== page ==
NEW YORK – Braving frigid cold, hundreds of thousands of demonstrators rallied near the United Nations, Feb. 15, to protest George W. Bush’s threatened war on Iraq and to support UN efforts to stop the war. The rally here was part of a coordinated one-day protest in 600 cities across the nation and around the world.

According to Indymedia estimates, 11 million people marched and rallied against the Bush war plans, making it the largest peace outpouring in world history. Over 1 million rallied in U.S. cities and towns. About 300,000 marched in San Francisco, Feb. 16, the largest anti-war mobilization ever in the Bay Area. (See story page 3.)

Thousands were never permitted past police barricades to join the rally. New York Mayor Michael Bloomberg and the federal Dept. of Justice won a court decision, which denied a permit for a march through mid-Manhattan. Their scheme to reduce the turnout did not succeed, though. Police estimated 500,000 participated and CNN reported 700,000.

The New York City protesters came on hundreds of chartered buses, cars and trains from the Midwest, New England and the Mid-Atlantic regions. The subway system was clogged as New Yorkers poured in from every borough.

It was a multiracial crowd, students, young couples with children, and people of many faiths, and nationalities, the mainstream of America. Thousands carried “No war for oil” placards. One featured a photo of George W. Bush with the top of his head missing and the mock headline, “Empty Warhead Found in White House.”

Members of hospital workers, Local 1999, marched with the labor contingent that brought many thousands to the rally. Hospital worker Maritza Boyce told the World, “Congress should hear us. War on Iraq will divert the resources we need at home. We need universal health care not war.”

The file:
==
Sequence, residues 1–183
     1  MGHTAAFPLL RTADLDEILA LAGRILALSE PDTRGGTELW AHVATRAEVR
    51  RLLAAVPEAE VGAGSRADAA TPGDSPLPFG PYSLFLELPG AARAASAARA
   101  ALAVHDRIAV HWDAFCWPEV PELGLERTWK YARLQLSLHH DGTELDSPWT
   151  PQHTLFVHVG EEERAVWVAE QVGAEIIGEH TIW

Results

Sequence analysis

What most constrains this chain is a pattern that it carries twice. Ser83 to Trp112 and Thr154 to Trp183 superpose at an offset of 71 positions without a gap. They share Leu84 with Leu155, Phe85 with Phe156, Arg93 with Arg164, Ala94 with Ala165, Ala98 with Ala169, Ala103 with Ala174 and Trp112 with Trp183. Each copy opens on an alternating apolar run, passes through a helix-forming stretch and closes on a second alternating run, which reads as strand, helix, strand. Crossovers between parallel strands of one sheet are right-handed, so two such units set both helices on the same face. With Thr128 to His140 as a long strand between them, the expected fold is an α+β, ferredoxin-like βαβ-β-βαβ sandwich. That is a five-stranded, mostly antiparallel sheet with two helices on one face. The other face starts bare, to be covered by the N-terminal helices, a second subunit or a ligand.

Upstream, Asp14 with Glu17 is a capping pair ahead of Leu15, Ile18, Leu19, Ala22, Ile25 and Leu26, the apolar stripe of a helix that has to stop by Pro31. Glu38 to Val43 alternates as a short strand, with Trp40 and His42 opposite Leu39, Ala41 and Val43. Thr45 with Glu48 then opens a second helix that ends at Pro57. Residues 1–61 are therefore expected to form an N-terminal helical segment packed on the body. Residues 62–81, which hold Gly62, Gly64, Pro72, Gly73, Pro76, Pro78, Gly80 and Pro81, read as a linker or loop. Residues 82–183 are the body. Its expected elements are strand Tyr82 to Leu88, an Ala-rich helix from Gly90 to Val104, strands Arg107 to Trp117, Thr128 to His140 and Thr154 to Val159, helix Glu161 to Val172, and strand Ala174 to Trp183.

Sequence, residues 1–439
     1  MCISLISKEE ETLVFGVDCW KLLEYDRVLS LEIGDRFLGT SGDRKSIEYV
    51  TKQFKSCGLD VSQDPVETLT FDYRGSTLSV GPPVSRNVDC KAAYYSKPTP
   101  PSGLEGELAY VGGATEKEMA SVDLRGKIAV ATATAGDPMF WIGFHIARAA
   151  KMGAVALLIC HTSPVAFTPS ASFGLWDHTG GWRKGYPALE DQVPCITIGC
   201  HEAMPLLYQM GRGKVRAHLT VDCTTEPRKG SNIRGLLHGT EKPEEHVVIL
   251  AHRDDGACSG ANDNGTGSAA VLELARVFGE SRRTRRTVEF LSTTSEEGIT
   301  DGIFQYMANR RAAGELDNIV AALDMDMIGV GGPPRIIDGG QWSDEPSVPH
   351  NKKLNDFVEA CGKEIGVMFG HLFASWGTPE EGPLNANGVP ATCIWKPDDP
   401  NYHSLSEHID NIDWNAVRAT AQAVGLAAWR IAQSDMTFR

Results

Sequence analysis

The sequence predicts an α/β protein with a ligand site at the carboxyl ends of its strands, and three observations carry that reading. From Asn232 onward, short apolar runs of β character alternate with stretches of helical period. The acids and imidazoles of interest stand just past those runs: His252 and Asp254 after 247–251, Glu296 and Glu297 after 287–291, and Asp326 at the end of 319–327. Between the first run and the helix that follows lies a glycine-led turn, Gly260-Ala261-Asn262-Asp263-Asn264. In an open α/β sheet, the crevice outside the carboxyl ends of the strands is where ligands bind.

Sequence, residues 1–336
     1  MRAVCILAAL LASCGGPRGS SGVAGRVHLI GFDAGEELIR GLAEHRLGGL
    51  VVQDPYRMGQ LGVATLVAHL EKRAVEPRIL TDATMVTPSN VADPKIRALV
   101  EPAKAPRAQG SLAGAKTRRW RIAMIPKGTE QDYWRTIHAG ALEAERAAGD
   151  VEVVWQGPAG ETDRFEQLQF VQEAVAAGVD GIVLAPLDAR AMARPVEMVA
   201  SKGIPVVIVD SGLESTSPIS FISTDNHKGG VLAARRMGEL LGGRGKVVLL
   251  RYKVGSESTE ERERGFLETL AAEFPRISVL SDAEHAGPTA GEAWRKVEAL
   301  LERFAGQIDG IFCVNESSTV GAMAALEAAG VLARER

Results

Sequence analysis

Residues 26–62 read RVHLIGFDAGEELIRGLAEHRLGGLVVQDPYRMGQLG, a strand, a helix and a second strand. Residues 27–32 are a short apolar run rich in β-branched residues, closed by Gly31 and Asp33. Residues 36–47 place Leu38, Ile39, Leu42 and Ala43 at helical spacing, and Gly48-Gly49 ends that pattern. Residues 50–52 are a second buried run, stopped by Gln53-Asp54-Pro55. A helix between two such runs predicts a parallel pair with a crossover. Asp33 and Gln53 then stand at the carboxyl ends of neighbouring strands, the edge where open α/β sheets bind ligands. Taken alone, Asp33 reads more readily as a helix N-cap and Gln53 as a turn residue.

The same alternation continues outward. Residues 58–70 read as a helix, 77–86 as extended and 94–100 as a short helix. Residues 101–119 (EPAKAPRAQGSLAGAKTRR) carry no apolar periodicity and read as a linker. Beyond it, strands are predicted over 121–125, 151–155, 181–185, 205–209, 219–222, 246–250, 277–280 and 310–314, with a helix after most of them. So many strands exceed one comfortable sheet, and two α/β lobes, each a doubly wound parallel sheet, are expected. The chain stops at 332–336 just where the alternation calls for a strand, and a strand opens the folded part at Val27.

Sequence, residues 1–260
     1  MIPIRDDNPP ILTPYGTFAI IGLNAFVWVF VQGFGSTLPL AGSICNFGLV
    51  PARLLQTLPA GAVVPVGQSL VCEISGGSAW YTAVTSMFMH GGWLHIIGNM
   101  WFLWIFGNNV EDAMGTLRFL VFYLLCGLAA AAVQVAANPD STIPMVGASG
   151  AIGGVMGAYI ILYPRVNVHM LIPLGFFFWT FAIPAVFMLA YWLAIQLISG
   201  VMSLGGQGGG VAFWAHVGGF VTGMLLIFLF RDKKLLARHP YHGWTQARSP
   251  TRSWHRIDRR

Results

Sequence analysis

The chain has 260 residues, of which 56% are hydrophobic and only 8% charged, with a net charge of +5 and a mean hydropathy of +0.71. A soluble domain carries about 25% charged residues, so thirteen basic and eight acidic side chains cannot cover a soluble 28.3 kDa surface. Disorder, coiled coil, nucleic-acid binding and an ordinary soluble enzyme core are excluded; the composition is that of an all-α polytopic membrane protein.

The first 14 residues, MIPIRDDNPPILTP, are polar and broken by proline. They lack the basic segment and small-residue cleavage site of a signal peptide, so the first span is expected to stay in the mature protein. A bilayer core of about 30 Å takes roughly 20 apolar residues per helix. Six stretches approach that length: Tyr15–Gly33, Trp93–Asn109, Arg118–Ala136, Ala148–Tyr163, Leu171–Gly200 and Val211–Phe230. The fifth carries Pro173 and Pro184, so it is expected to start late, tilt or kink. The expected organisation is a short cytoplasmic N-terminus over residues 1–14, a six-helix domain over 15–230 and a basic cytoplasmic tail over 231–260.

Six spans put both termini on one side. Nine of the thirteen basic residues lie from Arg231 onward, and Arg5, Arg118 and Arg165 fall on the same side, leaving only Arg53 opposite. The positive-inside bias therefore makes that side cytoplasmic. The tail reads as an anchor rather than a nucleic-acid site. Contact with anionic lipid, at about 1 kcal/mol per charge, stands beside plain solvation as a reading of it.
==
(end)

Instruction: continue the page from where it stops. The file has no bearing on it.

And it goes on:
Derrill Bodley, a founder of Sept. 11 Families for Peaceful Tomorrows, told the crowd he had confronted George W. Bush during a memorial near Shanksville, Pa., on the first anniversary of his daughter, Deora’s, death on United Flight 93 Sept. 11, 2001. “I said, ‘Mr. President, I urge you to listen to the world leaders who are strongly advising against going down the path of war.’ Today, they are joined by millions of people around the world. We say no! Not in our names!”

Julian Bond, Board Chairman of the NAACP, told the crowd the NAACP last October unanimously approved a resolution “to oppose a unilateral attack on Iraq.” He assailed Bush’s drive toward preemptive war. “We answer, ‘No!’” Bond thundered. “Not when Iraq does not appear to present any imminent threat to our nation … Years ago from a church not far from here, Rev. Martin Luther King Jr. warned that the bombs dropped on Vietnam will explode in the streets of America … Our struggle is right here at home, not in Iraq. We need peace, not war.”

King’s son, Rev. Martin Luther King III, also spoke from the platform. Afterwards he told the World, “I think it is wonderful that the United Nations is standing for peace. Hans Blix says he has found no evidence to support Sec. of State Powell’s claims. Blix says they need more time for inspections. There is sanity at the UN.”

Peace leaders from other countries addressed the New York crowd. South African Archbishop Desmond Tutu who won the Nobel Peace Prize for his struggle against racist apartheid, drew thunderous cheers. “Peace! Peace!” he cried. “Let America listen to the rest of the world: ‘Give the inspectors time!’”

Amit Mashiah, a sergeant in the Israeli Army, told the crowd he is one of 525 members of “Courage to Refuse” Israeli soldiers who refuse to serve in the occupied Palestinian lands. “We are explaining to our people how immoral the occupation is, that peace is the way to achieve our goal,” he said.

The first U.S. soldier to refuse to serve in Iraq also spoke. Army reservist Ghanim Khalil told the crowd the war on Iraq “will lead to hundreds of thousands of dead or wounded, all for the gain of a few powerful people.”

Elected officials addressed the crowd, including Rep. Sheila Jackson Lee (D-Tex.) who was greeted with cheers for her resolution to repeal the Oct. 16 resolution authorizing war on Iraq. “I come here because I am a fighter for peace,” she said, pointing out that UN Inspector Hans Blix a day earlier told the UN Security Council the “inspections are working.”

Phyllis Bennis of the Institute for Policy Studies reported that she and a delegation of mayors met with UN Sec.-Gen. Kofi Annan, Feb. 14, on behalf of 92 cities that have adopted resolutions against war on Iraq. Bush refused to meet with them. “It is George W. Bush who is isolated, not us,” she said. “The people of the world are saying no to war.”

Reflecting the optimism of this historic and growing movement, Actor Danny Glover told this reporter, “I’m very hopeful we can stop this war. This is just one step in building the movement. This is our planet, our world. We are many.”

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